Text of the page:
High Court: Tax benefits inequitable, discriminate against Arabs
High Court decision follows petition alleging that provision of substantial benefits without evident criteria contravenes the right to equality.
The High Court of Justice on Wednesday ruled that the state's issue of tax benefits to Israeli citizens based on their place of residence was inequitable and discriminated against certain sectors of society, particularly Arabs.
Supreme Court president Dorit Beinisch, Justice Eliezer Rivlin and Justice Asher Grunis questioned the legality of these benefits, as no Arab community has been included as a recipient of the benefits.
"The government and the Knesset systematically refrained from resolving this issue, contrary to the position of the attorney general," the judges wrote in their decision.
The High Court's decision follows a petition placed by the Association for Civil Rights in Israel (ACRI), Adalah, the Legal Center for Arab Minority Rights in Israel and 20 communities regarding the amendment to the income tax bill, which instituted tax cuts for a number of communities, without clear and objective criteria for the benefits, resulting in the discrimination of Arab communities.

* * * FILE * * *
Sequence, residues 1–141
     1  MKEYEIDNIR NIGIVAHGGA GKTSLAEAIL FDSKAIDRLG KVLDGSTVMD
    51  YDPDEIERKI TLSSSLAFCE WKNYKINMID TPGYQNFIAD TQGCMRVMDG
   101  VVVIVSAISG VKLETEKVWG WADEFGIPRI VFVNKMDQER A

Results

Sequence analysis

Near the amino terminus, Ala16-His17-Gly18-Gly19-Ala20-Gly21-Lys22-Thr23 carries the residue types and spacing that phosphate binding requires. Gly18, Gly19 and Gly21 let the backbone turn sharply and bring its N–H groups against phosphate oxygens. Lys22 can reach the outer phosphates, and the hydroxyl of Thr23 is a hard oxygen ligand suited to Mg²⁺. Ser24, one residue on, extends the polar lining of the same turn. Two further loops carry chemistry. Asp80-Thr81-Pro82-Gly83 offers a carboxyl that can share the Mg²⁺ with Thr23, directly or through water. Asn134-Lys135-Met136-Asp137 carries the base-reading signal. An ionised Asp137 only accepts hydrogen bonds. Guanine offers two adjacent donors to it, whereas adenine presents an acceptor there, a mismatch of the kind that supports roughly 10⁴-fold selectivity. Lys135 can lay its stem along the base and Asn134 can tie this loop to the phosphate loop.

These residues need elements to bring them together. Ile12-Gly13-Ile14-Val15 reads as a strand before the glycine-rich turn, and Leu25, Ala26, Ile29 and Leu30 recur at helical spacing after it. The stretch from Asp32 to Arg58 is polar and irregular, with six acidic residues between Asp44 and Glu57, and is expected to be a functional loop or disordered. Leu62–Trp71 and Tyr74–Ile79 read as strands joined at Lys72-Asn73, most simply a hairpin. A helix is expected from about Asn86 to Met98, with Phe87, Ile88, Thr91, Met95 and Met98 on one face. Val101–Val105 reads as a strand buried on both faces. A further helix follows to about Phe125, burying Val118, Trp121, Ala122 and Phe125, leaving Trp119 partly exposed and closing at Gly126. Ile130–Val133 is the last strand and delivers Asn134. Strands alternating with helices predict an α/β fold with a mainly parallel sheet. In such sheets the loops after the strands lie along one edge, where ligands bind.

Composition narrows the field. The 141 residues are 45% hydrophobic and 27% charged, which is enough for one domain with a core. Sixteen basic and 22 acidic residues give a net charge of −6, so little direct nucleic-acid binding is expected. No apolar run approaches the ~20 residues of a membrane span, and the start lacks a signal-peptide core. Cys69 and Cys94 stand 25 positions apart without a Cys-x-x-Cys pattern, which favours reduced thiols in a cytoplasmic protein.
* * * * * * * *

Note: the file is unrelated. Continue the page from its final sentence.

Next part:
In 2005, Adalah and ACRI submitted a petition against the discriminatory amendment. The amendment was initially intended for the communities surrounding the Gaza strip, but, the petitioners claimed, due to political considerations other communities were added as tax benefit recipients. According to the petitioners, providing substantial tax benefits without evident criteria contravenes the right to equality.
President Beinisch wrote in the court decision that since the last hearing in December 2009, there has been no legislative change whatsoever.
"Knesset members and ministers are free to act according to political considerations… in social and economic issues. However, this freedom is not absolute, and should be limited, especially when it jeopardizes fundamental rights such as the right to equality," Beinisch wrote.
Following the court's decision, Sawsan Zaher of Adalah said that court determined that "the law which provides benefits to certain communities is in fact discriminatory.
"This is an important decision for social and economic equality," Zaher said.